I was wearing a black Singing Rock brand climbing harness around my waist and thighs. As I waited for James to reach the bottom of the rocks, I barely even noticed the green of the trees around me, the blue of the sky above, or the rumbling from the machinery at the rock quarry across the mountain. All I knew was that Nate had promised I would be safe.
My turn had come. Nate Greenway, who had crew-cut blond hair, was twenty-four, and was my coordinator and my friend, opened the screw-gate on a steel locking carabiner. “Are you right-handed or left?” he asked.
“Right,” I answered nervously. In response to my answer, he folded the thick rope, which ran through two steel anchors that were sunk deep into the rock, to make a bight, or bend, in it. Then he pushed the bight through the wider of two holes in a piece of steel that was called a “Figure Eight” because it resembled the shape of the number eight.
Nate wrapped the bight around the thinner end of the eight and clipped the eight to my harness with the carabiner. “Screw down so you don’t screw up,” he said, reminding me which direction to orient the carabiner.
He closed the screw-gate so the carabiner wouldn’t come open, then started giving me directions. “Take this end of the rope. Hold it in your right hand like this.” He showed me how to hold it. “Don’t switch hands. Put your left hand behind your butt so you’re not tempted to use it. And no matter what happens, don’t let go with your right hand.” I obeyed mechanically.
“Stand there,” he said, “and face me.” He pointed at a spot about a foot from the ledge of the thirty-foot cliff we were standing on. Holding the long end of the rope behind my posterior with my right hand, I turned to face Nate and turned my back to the cliff. “Put your feet square with your shoulders,” Nate said. I squared my feet and spread them a little wider in the tight blue climbing shoes and gripped the rope for dear life.
“It doesn’t feel natural to have your hand on the rope behind you, but that’s the only way you’re going to be safe,” Nate said. “You’re going to want to reach for the rope with your left hand, but if you’re falling, that won’t stop you; you’ll only end up with rope burn. Now talk to James.”
“What are the commands again?” I asked.
“You say, ‘James, on belay.’”
I looked over my shoulder and down. James looked very small from up here. He had the rope passed under his backside and held in his right hand.” James, on belay?” I yelled at the top of my lungs.
From the rocky clearing in the forest thirty feet below, my friend James replied loudly, “David! Belay is on!”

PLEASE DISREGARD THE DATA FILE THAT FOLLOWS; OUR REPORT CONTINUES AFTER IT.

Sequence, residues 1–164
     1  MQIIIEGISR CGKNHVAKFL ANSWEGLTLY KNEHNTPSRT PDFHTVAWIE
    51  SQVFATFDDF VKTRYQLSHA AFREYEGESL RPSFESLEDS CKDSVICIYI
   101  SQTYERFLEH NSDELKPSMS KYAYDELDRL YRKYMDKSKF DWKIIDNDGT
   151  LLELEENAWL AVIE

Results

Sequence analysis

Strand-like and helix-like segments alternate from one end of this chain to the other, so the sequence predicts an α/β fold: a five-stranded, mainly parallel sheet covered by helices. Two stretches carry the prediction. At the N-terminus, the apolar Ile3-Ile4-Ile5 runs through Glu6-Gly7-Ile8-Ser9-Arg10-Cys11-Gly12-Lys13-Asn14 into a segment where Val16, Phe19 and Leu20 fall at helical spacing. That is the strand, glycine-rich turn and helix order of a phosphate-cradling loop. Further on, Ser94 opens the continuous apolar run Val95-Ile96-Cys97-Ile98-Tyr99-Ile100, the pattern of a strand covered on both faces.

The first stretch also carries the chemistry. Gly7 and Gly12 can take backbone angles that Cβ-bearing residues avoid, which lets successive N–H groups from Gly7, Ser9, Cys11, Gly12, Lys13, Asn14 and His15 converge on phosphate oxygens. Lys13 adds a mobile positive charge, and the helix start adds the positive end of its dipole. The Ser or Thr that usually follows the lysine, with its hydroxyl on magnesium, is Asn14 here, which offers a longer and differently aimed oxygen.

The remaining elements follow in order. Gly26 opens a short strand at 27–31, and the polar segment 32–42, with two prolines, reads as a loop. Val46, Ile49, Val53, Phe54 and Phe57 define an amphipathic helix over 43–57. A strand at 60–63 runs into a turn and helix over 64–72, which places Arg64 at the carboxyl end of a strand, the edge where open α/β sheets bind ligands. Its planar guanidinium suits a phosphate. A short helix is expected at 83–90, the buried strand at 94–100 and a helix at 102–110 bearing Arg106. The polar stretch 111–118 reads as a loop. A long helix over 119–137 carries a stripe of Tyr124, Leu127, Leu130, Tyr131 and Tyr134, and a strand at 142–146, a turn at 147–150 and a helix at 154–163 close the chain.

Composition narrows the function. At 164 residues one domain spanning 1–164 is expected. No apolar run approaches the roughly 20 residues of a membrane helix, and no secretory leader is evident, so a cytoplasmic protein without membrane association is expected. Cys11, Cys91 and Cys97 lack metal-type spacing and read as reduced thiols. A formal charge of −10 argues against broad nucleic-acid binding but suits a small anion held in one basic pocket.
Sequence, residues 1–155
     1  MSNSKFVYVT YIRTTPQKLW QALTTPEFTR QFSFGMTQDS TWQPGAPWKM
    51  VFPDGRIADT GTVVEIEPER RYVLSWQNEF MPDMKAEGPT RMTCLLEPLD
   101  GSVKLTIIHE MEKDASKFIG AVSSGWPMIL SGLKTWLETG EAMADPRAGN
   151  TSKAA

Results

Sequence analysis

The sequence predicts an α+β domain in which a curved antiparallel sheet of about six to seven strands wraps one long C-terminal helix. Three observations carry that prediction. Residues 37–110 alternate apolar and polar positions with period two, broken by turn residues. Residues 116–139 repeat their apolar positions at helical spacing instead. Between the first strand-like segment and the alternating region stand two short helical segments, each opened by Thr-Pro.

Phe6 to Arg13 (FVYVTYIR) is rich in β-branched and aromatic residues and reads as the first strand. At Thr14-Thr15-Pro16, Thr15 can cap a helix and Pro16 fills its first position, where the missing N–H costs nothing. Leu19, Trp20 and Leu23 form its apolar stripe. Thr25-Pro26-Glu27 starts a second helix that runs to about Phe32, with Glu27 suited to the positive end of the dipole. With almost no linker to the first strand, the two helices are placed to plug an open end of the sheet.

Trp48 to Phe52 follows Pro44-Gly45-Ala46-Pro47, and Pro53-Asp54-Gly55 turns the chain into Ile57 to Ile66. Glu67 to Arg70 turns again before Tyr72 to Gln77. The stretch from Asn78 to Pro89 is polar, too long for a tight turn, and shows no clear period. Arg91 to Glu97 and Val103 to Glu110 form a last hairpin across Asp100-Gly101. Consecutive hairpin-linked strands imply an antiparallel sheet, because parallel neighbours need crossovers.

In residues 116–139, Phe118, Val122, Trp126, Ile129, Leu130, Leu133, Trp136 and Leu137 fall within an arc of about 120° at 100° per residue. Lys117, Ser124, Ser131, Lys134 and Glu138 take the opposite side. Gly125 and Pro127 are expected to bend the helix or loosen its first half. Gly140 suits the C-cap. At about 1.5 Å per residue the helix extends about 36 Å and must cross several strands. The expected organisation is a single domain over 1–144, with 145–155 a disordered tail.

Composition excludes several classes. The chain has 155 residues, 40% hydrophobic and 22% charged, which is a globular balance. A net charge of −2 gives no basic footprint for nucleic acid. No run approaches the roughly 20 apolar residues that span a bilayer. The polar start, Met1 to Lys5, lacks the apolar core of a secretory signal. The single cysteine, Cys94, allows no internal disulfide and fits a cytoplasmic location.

“Now you say ‘James, permission to rappel?’” Nate instructed calmly.
“James, permission to rappel?” I screamed.
“David, permission to rappel is granted!” came from below.
“‘Rappelling,’” Nate said.
“Rappelling!” I repeated.
From below, I heard “Rappel away!”
“Now slowly feed the rope through your hand and walk backwards,” Nate told me. I was gripping the rope for dear life, and the thought of loosening my grip one bit terrified me. I took a shaking step backwards. “Put your foot partway on the top of the ledge and partway off,” Nate said. I moved the other foot back. I was standing partially over thirty feet of air. “Now feed a little more rope through,” Nate said.
I stood there paralyzed. “If you slip, James will catch you,” Nate reassured me. “All he has to do is pull on the rope a little and you won’t be able to go down any further.” I couldn’t move, and my eyes were glued to the figure eight at my waist and the rope fed through the anchors in the rock a few feet in front of my feet.
“David, look at me.” Nate’s words pried me out of my terror. I looked up and met his eyes. “David, are you red, yellow, or green?”
“Huh?” I asked.
Nate suddenly realized that he hadn’t covered the stop light talk. He explained quickly, “Green means go; it means you’re completely comfortable. Yellow means you’re not comfortable, but you’re willing to go anyway. Red means you’re scared to death and don’t want to do it.”
It clicked. “Yellow,” I lied. I was red; burning blazing, fire-engine red. Everything sensible in me rebelled against the idea of walking backwards off of a cliff, but I intensely wanted to at the same time.
“Then put your weight into the rope,” Nate said. I slowly and nervously leaned back, over thirty feet of air, and put my weight into the rope. It stretched a little, but held me, and the harness dug into my waist. “Now feed it through,” Nate said. “Slowly!” I eased my hand forward from behind my posterior and toward my hip. I jerked backwards, hanging more of my weight over the void. Shaking, I slowly eased my grip on the rope and slid my hand back a few inches.
“Now do it again,” Nate commanded. I slid my hand forward again, and once again my body jerked back. “Take a step down,” Nate said. My feet were angled on the line between the horizontal and the vertical, and I put one completely onto the vertical. The thick rubber on the bottom of my climbing shoe gripped the hard stone. “Now take another step,” he said, “and keep feeding the rope through. I followed his instructions, still shaking.
Now both of my feet were planted against the side of the cliff. “Keep going, David,” Nate said. My hand was getting sweaty from its death-grip on the rope, and I hoped desperately that it wouldn’t slip. I kept going, one step at a time, one lurch backwards and one feeding-through of the rope at a time. Finally, I reached the bottom. Solid ground had never felt so good. The whole walk down had taken only about thirty seconds. Thirty of the longest seconds of my life.
Next week, I would be teaching counselors how to rappel.